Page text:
Support groups like Alcoholics Anonymous (AA) are available worldwide and are aimed at helping those in recovery stay sober and offer guidance for building meaningful relationships and contributing to the society.

Importance of Seeking Help

Seeking help for alcohol addiction is crucial for improving the quality of life. Alcohol addiction can lead to problems in every area of a person’s life, including work, relationships, and health.

Those struggling with AUD may experience anxiety, depression, and other mental health issues, in addition to the physical effects of long-term alcohol consumption. Seeking help can have a significant impact on a person’s ability to recover from alcohol addiction.

Treatment programs, therapy, medication, and support groups can provide the tools and resources needed to combat the addiction. Sobriety can improve the quality of life by restoring relationships, improving physical health, and improving work and school performance.


Alcohol addiction is a chronic disease and requires professional help for successful recovery. Support and treatment options include therapy, medication, support groups, and inpatient and outpatient treatment programs.

Seeking help is crucial when dealing with alcohol addiction, and it requires courage and determination to make a positive change. With the appropriate help and resources, those struggling with AUD can improve their quality of life and maintain sobriety.


Alcohol addiction is a serious and chronic disease that can have significant impacts on a person’s physical, mental, and social well-being. It is important to know the reasons why people drink too much, the risks of daily drinking, and the available support and treatment options for AUD.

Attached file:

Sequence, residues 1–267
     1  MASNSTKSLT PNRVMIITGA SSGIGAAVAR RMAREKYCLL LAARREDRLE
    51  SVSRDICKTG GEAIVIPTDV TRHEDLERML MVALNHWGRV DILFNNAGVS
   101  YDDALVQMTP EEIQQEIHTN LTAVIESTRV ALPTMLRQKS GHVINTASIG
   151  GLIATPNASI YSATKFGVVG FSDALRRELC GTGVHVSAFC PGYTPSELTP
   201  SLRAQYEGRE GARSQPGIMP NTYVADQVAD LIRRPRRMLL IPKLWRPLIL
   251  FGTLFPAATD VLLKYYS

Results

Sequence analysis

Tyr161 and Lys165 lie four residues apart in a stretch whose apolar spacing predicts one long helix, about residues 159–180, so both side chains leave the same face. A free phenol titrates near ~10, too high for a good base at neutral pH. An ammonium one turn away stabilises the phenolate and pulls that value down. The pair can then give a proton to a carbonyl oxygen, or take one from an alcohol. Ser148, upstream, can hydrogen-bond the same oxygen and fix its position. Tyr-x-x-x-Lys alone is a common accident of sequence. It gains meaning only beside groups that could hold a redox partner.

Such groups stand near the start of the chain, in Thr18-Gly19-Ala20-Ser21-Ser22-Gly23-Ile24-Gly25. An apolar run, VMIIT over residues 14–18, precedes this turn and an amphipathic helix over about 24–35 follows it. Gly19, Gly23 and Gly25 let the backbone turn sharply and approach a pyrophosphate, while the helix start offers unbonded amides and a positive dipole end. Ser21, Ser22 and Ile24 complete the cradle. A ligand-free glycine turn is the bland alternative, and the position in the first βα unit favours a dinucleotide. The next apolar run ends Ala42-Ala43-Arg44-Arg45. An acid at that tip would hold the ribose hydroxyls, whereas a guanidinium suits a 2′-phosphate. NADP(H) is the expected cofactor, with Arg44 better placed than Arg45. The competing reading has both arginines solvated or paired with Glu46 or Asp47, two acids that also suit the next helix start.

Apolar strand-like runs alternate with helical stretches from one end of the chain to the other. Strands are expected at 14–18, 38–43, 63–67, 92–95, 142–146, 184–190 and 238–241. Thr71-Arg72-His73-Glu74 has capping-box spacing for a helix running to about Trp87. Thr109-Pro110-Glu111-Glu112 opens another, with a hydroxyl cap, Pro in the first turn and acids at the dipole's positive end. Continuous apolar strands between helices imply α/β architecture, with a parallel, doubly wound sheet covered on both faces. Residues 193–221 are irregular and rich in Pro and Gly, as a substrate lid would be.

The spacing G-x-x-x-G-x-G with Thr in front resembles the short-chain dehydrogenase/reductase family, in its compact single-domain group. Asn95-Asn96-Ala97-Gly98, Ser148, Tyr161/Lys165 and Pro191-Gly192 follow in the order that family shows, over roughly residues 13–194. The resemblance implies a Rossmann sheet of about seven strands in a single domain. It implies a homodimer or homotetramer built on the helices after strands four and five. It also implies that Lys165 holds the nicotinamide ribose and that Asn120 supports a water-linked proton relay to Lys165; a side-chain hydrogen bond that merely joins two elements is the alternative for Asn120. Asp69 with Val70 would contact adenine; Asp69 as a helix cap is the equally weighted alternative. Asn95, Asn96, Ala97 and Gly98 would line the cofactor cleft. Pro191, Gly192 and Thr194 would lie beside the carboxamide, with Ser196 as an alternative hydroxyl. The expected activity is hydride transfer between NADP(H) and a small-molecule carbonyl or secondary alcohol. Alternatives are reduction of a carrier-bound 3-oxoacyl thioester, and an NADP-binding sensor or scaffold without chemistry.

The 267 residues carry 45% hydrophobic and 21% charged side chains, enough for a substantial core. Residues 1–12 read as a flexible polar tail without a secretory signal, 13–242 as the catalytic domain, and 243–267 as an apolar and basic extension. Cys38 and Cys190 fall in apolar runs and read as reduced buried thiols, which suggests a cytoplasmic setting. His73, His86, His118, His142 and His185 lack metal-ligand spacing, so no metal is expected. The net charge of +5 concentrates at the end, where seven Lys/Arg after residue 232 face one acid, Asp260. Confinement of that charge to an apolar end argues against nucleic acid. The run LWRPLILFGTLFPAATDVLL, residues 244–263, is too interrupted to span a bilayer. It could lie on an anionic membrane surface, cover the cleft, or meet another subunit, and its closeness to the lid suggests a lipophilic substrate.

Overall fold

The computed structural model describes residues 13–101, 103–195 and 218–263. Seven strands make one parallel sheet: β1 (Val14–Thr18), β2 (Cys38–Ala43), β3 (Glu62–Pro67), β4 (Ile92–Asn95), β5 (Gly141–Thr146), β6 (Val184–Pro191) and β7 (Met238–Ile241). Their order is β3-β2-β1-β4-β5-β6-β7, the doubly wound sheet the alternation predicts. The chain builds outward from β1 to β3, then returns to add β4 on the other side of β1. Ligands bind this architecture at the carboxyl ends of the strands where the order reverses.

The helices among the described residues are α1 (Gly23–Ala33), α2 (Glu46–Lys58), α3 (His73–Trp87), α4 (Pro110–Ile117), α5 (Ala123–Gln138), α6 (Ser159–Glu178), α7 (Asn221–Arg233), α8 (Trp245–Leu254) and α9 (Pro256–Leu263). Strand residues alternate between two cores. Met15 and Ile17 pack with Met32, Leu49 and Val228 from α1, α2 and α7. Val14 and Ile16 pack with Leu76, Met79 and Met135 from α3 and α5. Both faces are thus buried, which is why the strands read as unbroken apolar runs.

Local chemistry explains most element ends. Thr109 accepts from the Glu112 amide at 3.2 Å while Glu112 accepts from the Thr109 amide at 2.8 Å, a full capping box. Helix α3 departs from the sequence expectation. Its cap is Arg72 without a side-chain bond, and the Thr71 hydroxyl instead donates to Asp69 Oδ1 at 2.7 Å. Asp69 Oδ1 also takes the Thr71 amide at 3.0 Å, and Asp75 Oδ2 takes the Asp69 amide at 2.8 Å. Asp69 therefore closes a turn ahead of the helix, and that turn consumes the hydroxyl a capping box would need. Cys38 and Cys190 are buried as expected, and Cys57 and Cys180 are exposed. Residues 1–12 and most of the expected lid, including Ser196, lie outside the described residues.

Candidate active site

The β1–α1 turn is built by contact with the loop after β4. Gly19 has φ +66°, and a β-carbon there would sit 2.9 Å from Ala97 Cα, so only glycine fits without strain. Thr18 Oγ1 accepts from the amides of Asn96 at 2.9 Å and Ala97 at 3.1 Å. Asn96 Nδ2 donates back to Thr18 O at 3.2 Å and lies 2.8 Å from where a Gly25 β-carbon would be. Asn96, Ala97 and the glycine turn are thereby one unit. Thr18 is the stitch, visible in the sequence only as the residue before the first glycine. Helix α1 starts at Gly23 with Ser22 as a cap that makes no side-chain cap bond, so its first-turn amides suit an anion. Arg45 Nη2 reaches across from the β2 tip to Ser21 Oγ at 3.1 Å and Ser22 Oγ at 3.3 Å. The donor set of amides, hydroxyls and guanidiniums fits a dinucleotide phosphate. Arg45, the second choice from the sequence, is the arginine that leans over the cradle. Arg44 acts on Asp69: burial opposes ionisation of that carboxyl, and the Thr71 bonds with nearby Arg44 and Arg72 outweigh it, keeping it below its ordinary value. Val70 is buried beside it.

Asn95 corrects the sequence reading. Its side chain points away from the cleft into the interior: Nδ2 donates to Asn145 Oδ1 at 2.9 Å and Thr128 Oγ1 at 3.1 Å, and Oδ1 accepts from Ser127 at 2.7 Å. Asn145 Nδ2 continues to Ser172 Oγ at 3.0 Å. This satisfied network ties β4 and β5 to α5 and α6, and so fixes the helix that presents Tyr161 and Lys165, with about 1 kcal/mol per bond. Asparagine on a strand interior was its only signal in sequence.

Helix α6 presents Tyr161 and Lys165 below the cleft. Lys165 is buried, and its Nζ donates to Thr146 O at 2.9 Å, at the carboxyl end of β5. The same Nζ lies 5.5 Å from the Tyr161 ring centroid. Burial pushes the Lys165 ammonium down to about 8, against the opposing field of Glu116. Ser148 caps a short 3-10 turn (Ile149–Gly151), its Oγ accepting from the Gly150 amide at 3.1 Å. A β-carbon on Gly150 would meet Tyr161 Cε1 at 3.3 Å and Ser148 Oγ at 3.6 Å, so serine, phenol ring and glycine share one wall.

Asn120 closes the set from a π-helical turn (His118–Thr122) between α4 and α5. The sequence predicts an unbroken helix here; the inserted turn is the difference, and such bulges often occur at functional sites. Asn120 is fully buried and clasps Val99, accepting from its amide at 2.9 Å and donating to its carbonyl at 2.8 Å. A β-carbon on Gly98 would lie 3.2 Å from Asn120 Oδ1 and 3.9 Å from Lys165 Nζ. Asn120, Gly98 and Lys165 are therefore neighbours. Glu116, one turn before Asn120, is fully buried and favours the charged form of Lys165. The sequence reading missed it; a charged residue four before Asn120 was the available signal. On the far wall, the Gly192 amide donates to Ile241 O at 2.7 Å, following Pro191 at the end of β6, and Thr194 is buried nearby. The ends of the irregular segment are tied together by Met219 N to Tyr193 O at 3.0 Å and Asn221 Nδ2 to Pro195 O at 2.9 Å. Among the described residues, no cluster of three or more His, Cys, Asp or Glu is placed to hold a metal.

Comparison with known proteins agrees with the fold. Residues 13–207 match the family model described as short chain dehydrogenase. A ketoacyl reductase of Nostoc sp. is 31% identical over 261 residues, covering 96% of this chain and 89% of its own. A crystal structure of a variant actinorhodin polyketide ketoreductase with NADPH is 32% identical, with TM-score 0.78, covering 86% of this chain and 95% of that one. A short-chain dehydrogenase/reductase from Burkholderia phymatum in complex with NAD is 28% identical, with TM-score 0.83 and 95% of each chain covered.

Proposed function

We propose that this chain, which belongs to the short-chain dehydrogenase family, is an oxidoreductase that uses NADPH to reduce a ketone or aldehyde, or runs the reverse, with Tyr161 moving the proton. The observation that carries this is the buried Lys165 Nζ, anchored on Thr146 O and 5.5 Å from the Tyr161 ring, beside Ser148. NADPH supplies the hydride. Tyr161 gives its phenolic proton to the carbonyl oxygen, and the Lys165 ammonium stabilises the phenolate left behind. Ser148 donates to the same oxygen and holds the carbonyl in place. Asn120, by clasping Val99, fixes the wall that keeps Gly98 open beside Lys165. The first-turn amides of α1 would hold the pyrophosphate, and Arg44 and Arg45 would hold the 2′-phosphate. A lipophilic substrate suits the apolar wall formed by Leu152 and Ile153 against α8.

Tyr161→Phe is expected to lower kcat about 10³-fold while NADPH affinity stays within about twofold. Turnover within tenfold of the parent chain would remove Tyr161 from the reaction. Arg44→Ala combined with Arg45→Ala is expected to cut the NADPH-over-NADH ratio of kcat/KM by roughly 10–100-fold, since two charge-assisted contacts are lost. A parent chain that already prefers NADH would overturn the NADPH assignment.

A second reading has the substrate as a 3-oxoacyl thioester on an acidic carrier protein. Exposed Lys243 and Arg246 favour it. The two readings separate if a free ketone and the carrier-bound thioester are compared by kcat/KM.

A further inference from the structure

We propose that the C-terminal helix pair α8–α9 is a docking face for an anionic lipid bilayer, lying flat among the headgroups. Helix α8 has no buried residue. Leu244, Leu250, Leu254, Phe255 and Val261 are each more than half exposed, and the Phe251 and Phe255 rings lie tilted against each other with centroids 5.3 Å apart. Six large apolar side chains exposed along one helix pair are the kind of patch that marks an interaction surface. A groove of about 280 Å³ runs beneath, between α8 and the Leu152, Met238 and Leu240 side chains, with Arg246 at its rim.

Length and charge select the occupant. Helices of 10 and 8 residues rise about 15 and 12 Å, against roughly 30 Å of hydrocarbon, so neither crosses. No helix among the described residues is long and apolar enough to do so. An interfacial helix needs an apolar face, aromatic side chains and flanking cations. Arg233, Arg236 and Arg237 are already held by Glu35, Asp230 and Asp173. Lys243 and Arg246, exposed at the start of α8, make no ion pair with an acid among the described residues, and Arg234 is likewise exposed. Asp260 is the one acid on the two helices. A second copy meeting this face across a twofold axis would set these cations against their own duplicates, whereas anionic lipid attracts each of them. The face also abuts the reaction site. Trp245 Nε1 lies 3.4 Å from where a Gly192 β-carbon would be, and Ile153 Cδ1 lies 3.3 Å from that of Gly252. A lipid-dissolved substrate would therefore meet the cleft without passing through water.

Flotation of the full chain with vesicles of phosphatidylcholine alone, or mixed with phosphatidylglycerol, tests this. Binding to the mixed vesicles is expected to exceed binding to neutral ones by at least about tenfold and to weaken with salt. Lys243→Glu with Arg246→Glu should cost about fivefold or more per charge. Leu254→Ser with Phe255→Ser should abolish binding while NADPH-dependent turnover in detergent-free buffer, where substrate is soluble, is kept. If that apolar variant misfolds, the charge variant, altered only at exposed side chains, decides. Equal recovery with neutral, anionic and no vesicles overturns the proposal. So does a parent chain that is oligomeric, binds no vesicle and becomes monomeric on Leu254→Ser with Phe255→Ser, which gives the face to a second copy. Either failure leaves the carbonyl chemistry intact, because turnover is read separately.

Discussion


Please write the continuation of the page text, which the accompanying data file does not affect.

Seeking help is critical for successful recovery, which can improve the quality of life and restore relationships, physical health, and work and school performance.


Q: What are some common signs of excessive drinking?

A: Some common signs include consistently failing to reduce your alcohol intake, feelings of guilt or shame around your drinking habits, interference with daily life, and drinking alone. Q: How is alcohol addiction treated?

A: Treatment options include outpatient and inpatient treatment programs, therapy, medication, and support groups. Q: What are some of the risks of daily drinking?

A: Risks include alcohol dependence, mental and physical health problems, issues with relationships and daily life, and increased risk of injury and violence. Q: Why is it important to seek help?

A: Seeking help is important to prevent further damage to physical and mental health, relationships, and daily life. It can improve the overall quality of life and help maintain sobriety.